Writing Sprint or Word Count?


The age-old question.

I have my coffee, my article outline, and an hour to write.

Should I set my timer for 25 minutes, say “Go,” and write as fast as I can?

Or, should I say I’m finished when I reach 500 words?

When I’ve read articles on this topic in the past, they seem to view these as either/or options.

I’ve used both techniques, as have my academic editing clients. The trick is to know when to use which technique.

Here’s a quiz:

Do you fly through the first draft stage but hit a wall when it’s time to edit?

If you answered yes, try writing sprints.

Do you prioritize picking lint off of your cat’s fur over writing but love playing with words when it’s time to edit?

If you answered yes, try a word count.

Writing Sprints

The Pomodoro Method, which involves writing for 25 minutes and then taking a 5-minute break, can be most useful when you’re writing a first draft of your article or chapter.


Regardless of which time block you use (e.g., 15 minutes or 45 minutes), writing sprints encourage you to get those words down on paper. They’re so thrilled to escape the confines of your analytical mind! Let them free!

Any time you stop to cite or explore a concept, you can just insert [fix] or a comment bubble to fix it later. Don’t stop or resistance will set in.

A writing sprint encourages Anne Lamont’s sh***y first draft. Your brain knows at the end of those 25 minutes, you’ll be done for the day and get a treat.

For editing, this technique can be equally useful. The problem with editing, particularly for those of us who prefer drafting, is that it takes forever! And how do we know when we’re done? That’s why having a set amount of time can reduce anxiety, assuming you have an editing plan in place.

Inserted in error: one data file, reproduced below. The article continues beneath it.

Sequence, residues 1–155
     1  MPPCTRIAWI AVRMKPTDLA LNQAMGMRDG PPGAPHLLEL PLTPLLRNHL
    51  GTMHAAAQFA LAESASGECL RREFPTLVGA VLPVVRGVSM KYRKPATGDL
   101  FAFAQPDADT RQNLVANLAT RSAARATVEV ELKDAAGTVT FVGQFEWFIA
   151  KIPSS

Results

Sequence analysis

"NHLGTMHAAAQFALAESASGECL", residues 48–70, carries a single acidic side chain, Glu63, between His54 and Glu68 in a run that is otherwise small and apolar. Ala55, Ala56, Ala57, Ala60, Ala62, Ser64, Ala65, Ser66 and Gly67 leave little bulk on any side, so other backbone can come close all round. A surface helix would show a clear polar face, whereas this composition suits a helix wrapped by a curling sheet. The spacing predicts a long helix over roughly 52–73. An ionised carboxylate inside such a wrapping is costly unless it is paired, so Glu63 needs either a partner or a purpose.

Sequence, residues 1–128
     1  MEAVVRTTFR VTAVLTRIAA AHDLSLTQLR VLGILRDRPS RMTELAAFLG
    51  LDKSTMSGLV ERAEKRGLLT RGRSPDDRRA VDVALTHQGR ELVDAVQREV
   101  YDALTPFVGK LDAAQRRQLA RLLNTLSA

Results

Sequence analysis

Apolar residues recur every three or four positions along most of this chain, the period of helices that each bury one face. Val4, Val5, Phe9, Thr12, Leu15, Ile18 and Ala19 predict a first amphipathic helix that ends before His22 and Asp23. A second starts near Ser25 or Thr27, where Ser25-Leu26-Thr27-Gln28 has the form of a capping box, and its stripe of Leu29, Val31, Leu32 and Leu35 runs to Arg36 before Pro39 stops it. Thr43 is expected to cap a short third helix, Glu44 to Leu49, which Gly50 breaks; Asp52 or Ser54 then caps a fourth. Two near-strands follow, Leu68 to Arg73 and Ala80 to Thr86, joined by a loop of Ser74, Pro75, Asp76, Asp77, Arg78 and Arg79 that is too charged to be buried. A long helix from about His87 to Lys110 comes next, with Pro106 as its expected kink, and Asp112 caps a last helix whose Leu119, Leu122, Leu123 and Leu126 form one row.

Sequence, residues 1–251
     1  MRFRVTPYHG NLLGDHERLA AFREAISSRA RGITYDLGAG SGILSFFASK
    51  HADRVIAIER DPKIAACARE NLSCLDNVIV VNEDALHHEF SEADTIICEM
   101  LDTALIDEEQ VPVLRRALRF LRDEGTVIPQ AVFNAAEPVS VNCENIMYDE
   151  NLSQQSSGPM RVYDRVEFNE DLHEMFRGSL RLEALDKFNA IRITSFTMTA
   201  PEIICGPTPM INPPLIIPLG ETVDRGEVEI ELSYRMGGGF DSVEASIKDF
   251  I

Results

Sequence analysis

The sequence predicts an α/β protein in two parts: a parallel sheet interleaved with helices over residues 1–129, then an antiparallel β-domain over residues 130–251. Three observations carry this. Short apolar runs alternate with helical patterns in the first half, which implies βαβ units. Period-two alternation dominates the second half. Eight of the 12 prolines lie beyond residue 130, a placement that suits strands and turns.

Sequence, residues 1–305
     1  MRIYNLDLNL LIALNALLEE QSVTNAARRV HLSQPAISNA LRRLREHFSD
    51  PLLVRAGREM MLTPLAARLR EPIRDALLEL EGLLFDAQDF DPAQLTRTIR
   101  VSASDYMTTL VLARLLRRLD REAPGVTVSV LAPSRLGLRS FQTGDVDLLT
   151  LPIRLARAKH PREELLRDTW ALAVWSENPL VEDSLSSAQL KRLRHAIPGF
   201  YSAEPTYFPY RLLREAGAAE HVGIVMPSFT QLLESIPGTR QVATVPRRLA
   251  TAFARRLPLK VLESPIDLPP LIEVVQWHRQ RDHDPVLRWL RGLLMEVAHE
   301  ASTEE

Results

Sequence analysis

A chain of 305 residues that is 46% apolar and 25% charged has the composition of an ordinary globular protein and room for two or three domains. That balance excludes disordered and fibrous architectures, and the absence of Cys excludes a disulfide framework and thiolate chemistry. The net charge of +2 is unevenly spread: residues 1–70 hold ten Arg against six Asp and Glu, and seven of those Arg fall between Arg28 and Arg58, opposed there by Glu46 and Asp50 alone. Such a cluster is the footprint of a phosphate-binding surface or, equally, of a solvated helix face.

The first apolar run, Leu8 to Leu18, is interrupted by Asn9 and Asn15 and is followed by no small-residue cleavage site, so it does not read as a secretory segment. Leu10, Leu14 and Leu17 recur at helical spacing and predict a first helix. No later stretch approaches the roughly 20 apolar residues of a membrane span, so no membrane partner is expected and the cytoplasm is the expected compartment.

Word Count

If you’re writing about an emotionally difficult subject, or just anxious about writing, a word count system (try David Hale’s free writing tracking calendar) can soothe your soul.

If your article or chapter will be 10,000 words, for example, it becomes quite simple to plan a timeline. You can estimate each section’s length and then devote one week to each section.

Let’s say the results section will be 2,000 words. You can write 500 words a day, and you’ll be done with the results section by the end of the week. Hurray! Celebrate! And move on to the next section with your new momentum.

Why does this work?

Word count works because your inner critic, worry dragon, or bodyguard cannot convince you to check email because that means you still must write those 500 words at some point that day, right?

If you’re on a timer in this scenario, however, you’ll just stare out the window until it goes ‘bing!’

If you write 500 words in 25 minutes or less then you’re done for the day! And now you have more time for your cat.

Word counts are great for your first draft: you gain momentum and can map out a realistic plan to finish.

Academic writing can be a challenge. Know the right tools for the job, and you’ll be amazed at what you can accomplish.

Dr. Rose Ernst is an academic editor and consultant who loves to support scholars in sharing their brilliance with the world. Find her at roseernst.net. Sign up for her email list here.

Academic editor and writing consultant. Former tenured professor and chair of political science. Happy fiction author. Find her at roseernst.net.

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